Vol. 12 | October 2021
This Issue's Must-Reads
  • A Look-Back
  • Special Announcements: Director Retiring; Interim Director Announced; Pre-Trial Services Director Announced
  • Policy Byte - A Look at Data
  • In Focus
  • In the News
  • CJCC
A Look-Back
Celebrating two years of JAD and one year of the JAD newsletter, In Session!

In October of 2019, Harris County Commissioners Court unanimously created the Harris County Justice Administration Department (JAD), and name Jim Bethke as Director.

When Bethke started to build JAD, he created three positions to begin working as a policy research team for Harris County. Two years later, Bethke has built a vibrant and robust department comprised of over twenty experts in their fields.

Over the last two years, the JAD team has created the Racial, Ethnic, and Equity Community Committee and held its first three meetings, prepared and submitted a multitude of memos, and work on programs such as tracking Racial and Ethnic disparities in the Harris County criminal justice system, Harris County Traffic Stop Data and a dashboard, Model Use of Force Policy, Victim Services Assessment, Justice for All: A Proposal to Expand the Harris County Public Defender’s Office and Create a Model Indigent Defense System, and County Level Emergency Responder Study to name a few. In addition, JAD hosted public meetings on the ODonnell Consent Decree, made public data dashboards on traffic stop data, court appointments, and jail population statistics.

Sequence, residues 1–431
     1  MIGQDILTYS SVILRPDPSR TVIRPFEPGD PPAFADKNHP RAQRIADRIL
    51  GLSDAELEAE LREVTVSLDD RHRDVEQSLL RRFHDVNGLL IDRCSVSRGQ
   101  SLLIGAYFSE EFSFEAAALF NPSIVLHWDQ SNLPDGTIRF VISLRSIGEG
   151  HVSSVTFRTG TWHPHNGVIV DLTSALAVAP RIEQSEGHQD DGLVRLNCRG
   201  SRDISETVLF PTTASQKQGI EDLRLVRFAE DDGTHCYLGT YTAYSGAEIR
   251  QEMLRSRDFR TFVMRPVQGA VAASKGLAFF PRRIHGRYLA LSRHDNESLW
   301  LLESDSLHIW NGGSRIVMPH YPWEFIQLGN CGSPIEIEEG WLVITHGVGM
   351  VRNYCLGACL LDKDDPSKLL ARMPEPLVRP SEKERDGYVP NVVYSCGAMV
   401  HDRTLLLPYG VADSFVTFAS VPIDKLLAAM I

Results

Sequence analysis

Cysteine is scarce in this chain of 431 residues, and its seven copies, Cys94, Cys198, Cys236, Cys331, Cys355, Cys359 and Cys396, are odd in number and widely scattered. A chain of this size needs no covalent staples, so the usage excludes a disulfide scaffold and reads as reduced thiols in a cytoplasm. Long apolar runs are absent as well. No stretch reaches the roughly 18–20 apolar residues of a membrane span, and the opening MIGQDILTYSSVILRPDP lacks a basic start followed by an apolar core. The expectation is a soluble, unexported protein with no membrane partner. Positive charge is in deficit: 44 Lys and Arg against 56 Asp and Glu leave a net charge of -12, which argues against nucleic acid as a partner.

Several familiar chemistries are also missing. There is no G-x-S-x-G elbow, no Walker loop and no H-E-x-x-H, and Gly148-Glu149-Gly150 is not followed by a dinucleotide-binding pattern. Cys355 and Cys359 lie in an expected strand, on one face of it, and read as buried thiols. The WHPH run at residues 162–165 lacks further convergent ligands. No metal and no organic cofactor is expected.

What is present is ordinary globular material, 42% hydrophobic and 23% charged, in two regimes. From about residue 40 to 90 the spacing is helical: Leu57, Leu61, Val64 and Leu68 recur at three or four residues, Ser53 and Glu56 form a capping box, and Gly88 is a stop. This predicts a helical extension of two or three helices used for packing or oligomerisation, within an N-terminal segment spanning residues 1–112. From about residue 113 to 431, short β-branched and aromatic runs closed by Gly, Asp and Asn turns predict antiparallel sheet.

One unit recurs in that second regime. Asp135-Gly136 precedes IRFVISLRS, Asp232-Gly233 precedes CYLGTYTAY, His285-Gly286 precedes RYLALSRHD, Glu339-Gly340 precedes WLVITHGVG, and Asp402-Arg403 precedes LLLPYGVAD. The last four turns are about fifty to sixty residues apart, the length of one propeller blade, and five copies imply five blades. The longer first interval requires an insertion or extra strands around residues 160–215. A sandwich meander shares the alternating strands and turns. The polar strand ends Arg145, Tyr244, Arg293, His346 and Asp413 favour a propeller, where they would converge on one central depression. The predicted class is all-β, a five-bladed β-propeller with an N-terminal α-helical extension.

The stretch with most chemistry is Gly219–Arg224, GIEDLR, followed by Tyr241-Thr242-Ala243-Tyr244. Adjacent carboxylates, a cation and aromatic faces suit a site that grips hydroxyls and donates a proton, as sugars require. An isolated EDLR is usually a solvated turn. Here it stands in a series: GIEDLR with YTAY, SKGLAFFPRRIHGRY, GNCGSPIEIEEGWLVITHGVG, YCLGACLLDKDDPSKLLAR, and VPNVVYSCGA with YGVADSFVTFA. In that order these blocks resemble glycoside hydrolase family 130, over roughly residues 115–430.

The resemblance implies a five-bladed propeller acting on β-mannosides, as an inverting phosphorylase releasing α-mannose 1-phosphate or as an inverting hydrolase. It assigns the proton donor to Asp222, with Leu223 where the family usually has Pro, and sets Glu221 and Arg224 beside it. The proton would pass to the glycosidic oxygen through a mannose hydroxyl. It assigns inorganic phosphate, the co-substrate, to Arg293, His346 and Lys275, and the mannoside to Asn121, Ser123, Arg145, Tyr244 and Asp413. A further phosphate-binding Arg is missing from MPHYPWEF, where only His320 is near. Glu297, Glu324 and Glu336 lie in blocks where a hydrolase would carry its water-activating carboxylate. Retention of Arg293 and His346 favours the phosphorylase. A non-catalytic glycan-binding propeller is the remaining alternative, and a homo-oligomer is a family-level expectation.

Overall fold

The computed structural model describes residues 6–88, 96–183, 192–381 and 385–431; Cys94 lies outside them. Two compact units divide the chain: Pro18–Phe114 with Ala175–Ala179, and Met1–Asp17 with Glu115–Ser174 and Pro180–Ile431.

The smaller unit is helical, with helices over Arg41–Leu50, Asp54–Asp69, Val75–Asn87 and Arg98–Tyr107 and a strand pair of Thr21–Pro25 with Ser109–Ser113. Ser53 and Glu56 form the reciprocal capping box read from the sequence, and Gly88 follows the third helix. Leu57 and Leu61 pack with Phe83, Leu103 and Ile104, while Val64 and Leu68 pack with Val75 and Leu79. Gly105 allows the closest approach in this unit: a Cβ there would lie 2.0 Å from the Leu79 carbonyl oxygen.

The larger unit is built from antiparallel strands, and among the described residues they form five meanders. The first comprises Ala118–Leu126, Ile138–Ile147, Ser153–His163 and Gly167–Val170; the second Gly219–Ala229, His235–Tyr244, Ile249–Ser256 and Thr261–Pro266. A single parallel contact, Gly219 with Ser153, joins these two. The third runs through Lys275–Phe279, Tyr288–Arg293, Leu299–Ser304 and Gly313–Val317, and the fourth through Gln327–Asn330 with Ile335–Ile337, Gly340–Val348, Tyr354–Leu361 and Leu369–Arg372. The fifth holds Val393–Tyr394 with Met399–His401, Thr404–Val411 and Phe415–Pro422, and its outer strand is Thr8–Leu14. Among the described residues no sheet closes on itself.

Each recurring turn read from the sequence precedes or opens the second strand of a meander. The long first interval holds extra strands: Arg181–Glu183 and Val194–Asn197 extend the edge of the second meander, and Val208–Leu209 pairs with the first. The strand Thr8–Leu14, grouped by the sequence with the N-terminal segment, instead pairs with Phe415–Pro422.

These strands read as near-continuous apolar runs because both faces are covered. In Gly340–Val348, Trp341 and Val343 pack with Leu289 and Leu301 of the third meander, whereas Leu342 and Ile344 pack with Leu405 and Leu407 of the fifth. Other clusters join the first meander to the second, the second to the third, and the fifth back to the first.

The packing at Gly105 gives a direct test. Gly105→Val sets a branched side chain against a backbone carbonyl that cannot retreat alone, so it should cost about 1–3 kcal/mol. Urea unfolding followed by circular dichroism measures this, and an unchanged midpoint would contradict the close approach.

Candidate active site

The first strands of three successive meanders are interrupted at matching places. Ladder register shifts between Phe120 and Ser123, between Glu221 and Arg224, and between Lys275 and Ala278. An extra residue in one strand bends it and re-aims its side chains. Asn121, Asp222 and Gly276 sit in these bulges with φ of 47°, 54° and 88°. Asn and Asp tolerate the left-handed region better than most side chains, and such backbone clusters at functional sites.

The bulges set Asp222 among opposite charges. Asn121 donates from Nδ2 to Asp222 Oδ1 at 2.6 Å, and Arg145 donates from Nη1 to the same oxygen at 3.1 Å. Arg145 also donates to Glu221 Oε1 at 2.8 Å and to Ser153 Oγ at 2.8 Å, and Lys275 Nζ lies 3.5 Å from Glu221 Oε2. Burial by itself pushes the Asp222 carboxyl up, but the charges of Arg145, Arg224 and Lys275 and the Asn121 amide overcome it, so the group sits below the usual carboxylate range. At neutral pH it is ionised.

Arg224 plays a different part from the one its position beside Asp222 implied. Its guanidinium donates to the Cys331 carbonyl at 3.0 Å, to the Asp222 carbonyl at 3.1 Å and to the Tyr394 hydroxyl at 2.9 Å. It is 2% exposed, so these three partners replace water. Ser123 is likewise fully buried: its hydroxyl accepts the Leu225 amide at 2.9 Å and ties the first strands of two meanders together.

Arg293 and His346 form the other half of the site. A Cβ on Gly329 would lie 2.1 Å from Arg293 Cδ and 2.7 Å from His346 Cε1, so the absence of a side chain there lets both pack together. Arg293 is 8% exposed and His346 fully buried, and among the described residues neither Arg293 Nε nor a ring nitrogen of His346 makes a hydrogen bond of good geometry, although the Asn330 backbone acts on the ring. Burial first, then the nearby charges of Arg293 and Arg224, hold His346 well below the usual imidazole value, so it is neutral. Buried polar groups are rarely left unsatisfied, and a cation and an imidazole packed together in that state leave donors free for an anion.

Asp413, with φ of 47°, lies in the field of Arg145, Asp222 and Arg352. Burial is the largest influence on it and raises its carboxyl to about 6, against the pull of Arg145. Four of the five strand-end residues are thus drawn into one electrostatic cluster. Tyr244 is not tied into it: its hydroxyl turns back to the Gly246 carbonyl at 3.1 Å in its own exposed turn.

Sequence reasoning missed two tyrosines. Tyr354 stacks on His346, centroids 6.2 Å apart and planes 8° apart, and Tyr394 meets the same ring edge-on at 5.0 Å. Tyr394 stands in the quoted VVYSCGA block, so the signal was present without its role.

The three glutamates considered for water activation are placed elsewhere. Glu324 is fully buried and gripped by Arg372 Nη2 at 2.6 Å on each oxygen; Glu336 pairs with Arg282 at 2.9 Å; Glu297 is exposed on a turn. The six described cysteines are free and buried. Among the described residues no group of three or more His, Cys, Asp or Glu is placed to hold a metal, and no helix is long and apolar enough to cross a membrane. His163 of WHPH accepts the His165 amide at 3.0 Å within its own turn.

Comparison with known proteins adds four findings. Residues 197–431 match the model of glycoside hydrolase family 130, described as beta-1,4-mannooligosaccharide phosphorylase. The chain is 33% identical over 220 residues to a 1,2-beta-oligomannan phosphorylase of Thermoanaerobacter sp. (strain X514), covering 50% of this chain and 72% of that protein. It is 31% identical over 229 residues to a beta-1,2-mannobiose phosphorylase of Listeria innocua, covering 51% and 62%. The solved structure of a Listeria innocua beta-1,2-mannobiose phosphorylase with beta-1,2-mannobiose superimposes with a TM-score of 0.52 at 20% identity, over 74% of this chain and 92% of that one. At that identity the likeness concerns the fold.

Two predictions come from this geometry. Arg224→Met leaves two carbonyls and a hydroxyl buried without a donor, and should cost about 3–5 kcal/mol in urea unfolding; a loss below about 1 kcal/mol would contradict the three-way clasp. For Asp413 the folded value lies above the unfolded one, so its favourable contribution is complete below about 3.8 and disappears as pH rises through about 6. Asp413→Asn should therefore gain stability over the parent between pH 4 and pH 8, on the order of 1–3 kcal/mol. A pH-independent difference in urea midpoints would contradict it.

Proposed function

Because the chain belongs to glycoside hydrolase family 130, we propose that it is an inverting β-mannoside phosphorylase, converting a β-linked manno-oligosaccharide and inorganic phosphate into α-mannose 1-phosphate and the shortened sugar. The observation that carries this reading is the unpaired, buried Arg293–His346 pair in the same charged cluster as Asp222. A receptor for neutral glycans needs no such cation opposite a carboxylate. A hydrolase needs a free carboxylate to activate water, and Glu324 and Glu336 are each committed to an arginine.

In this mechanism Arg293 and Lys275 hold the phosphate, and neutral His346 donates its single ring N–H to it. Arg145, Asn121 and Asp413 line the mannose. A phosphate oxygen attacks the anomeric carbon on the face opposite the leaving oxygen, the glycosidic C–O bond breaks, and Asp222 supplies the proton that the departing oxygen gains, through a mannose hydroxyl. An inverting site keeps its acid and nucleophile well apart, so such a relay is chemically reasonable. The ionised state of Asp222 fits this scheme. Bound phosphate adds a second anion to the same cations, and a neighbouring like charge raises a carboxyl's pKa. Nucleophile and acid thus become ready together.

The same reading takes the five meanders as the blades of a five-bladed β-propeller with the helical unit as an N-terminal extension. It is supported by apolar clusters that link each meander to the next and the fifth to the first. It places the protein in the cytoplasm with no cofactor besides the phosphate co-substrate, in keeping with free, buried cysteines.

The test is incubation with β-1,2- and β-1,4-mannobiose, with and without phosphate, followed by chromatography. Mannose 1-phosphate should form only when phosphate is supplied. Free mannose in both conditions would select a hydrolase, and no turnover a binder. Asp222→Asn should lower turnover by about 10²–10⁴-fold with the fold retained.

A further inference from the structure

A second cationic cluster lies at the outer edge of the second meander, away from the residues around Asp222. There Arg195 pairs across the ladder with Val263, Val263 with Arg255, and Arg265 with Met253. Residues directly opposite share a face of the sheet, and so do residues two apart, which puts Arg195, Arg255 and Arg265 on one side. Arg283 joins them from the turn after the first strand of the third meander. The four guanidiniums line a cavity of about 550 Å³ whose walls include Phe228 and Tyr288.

In May after months of designing and developing, JAD created and launched its new website. The website is designed to be user-friendly and allows the reader to navigate easily to stay informed and educated as to what JAD is working on. The website also features language options to be reader-friendly for our County.